Five-Ring Circus

Two U.S. Swimmers Say Rio Gas Station Fracas Was All Ryan Lochte’s Fault

U.S Olympic swimmers Gunnar Bentz (R) and Jack Conger leave the police headquarters at International departures of Rio de Janiero’s Galeo International airport on August 18, 2016 in Rio de Janiero, Brazil.  

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Two U.S. swimmers have released statements that blame Ryan Lochte for instigating the fracas at a Rio de Janeiro gas station on Sunday morning, turning a verbal altercation into a potentially dangerous encounter. Gunnar Bentz gave his first public account of last week’s incident in a statement released Friday night in which he confirmed four swimmers were in a taxi back to the Olympic Village when they pulled over at around 6 a.m. to use the bathroom. “There was no restroom inside, so we foolishly relieved ourselves on the backside of the building behind some bushes,” Bentz said.

According to his teammate’s account, Lochte then surprised everyone by engaging in act of petty vandalism. “I am unsure why, but while we were in that area, Ryan pulled to the ground a framed metal advertisement that was loosely anchored to the brick wall,” Bentz said. That was corroborated by a separate statement that another of the four swimmers present that morning, Jack Conger, also released Friday: “Ryan Lochte removed a poster from a nearby wall.” Bentz, though, contradicted accounts by Brazilian police that the swimmers damaged a restroom: “There was a locked door out back and I did not witness anyone breaking it open.”

Combination picture made on August 18, 2016 shows USA’s swimmer James Feigen (top L), Ryan Lochte (top R) Gunnar Bentz (bottom L) and Jack Conger.

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Regardless, both Bentz and Conger seem to agree it was Lochte’s actions that caught the attention of gas station employees, leading the quartet to be confronted by two armed security guards.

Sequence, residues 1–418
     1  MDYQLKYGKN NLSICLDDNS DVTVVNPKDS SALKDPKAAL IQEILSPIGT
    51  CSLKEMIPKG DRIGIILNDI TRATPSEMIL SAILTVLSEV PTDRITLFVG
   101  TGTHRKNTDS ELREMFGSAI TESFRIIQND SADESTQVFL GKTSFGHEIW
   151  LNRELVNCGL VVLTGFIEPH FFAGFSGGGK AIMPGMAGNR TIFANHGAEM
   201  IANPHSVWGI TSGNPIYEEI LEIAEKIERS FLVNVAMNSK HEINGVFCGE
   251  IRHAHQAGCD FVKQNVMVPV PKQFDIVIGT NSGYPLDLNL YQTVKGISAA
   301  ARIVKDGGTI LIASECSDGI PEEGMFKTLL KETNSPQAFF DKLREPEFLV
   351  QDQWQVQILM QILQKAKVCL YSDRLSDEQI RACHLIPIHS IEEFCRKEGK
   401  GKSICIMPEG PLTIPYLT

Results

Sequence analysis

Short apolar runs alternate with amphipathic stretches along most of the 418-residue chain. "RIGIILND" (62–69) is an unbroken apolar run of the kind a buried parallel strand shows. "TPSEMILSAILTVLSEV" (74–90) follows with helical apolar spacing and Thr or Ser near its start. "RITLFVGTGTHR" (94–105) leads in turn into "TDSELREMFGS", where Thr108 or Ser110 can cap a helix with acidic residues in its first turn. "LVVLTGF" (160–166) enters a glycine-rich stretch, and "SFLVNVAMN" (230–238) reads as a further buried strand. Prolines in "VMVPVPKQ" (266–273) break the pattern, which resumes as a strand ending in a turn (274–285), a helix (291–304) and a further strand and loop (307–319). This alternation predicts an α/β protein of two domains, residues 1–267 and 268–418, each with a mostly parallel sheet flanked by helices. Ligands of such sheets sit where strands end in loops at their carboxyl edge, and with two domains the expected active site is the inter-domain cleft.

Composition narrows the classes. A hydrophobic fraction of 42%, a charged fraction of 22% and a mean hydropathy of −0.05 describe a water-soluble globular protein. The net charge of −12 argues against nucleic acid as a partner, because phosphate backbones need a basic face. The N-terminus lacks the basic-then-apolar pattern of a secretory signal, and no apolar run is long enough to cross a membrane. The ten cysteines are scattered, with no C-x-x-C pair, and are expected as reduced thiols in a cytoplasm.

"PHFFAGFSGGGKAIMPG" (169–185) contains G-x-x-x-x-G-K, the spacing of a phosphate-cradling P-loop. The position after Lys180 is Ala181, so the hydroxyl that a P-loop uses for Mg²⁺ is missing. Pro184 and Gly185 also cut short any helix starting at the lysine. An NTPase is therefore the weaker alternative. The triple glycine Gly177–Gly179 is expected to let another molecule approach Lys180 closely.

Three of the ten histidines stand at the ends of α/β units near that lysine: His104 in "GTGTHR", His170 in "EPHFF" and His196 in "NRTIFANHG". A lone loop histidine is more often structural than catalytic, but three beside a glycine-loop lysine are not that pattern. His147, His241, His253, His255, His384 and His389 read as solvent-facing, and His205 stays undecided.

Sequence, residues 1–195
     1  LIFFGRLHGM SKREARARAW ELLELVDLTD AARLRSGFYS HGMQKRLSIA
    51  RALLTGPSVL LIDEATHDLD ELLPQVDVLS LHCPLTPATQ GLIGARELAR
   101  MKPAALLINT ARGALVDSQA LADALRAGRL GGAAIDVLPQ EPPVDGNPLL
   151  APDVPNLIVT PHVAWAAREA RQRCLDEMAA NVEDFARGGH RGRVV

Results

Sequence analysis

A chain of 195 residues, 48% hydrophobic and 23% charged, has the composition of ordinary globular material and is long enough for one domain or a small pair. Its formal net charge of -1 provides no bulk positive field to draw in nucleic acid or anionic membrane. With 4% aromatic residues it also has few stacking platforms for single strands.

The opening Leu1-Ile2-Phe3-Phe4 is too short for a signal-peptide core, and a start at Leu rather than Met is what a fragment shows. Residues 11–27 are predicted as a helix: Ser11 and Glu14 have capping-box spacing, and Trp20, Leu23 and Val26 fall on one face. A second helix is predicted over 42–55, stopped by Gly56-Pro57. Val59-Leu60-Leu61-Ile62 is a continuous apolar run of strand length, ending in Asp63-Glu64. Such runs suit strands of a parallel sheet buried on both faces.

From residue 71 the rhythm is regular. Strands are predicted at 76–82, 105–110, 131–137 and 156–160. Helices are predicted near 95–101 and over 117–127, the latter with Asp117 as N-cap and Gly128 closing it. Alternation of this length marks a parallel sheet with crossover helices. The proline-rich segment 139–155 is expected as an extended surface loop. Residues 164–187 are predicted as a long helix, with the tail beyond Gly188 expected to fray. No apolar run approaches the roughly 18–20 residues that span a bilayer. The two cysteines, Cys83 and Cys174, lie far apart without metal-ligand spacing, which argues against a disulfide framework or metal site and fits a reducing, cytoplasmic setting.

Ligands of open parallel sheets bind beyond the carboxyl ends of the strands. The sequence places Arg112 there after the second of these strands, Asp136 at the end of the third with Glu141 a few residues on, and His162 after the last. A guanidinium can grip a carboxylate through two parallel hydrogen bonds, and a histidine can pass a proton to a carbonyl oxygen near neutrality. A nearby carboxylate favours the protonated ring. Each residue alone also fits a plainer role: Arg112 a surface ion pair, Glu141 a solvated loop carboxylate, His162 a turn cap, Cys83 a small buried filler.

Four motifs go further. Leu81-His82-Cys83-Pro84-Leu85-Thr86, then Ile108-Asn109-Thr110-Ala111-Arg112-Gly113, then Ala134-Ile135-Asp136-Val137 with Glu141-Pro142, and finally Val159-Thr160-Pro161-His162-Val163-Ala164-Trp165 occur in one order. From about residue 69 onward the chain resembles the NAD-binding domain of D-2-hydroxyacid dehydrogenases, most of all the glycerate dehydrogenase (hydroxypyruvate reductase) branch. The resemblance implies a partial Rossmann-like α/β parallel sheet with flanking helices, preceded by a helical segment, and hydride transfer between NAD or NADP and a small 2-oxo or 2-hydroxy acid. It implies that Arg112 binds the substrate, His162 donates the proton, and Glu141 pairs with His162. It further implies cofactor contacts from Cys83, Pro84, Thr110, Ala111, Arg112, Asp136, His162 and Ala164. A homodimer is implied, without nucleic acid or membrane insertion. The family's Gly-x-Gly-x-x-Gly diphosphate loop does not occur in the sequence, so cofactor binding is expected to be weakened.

The security guards eventually drew their guns. At that point, Lochte got in the guards’ faces. “Again, I cannot speak to his actions, but Ryan stood up and began to yell at the guards. After Jack and I both tugged at him in an attempt to get him to sit back down, Ryan and the security guards had a heated verbal exchange, but no physical contact was made,” Bentz said.

While Conger did not go into as much detail, his general outline is the same: “Although I cooperated with their requests while there was a heated exchange among others, at one point a weapon was pointed at me.”

After a witness who spoke English offered to help, the swimmers paid some money for the torn poster and returned to the Olympic Village in a different taxi. In Bentz’s account, he says he handed over a $20 bill and Jimmy Feigen gave the guards 100 reais, which is around $30. There is no mention of Lochte giving anyone any cash, though he was the one who tore down the advertisement and he later claimed to have been robbed.

Although the security footage that’s been released doesn’t show any guns, Bentz said he’s “confident that some video angles have not been shown that would further substantiate my account.”

In their statements, Bentz and Conger repeatedly expressed regret for their actions and did not try to excuse what they had done. When Lochte issued an apology on Friday through a post on Instagram he gave few details about what happened and seemed to make excuses for his behavior, saying it was “traumatic” to have a stranger pull a gun on him in a foreign country.

Feigen is the only one of the four swimmers who has yet to release a statement about what happened that night. Feigen reportedly left Brazil Friday night after he made a $10,800 donation to a Rio charity that teaches martial arts to poor children.

See more of Slate’s Olympics coverage.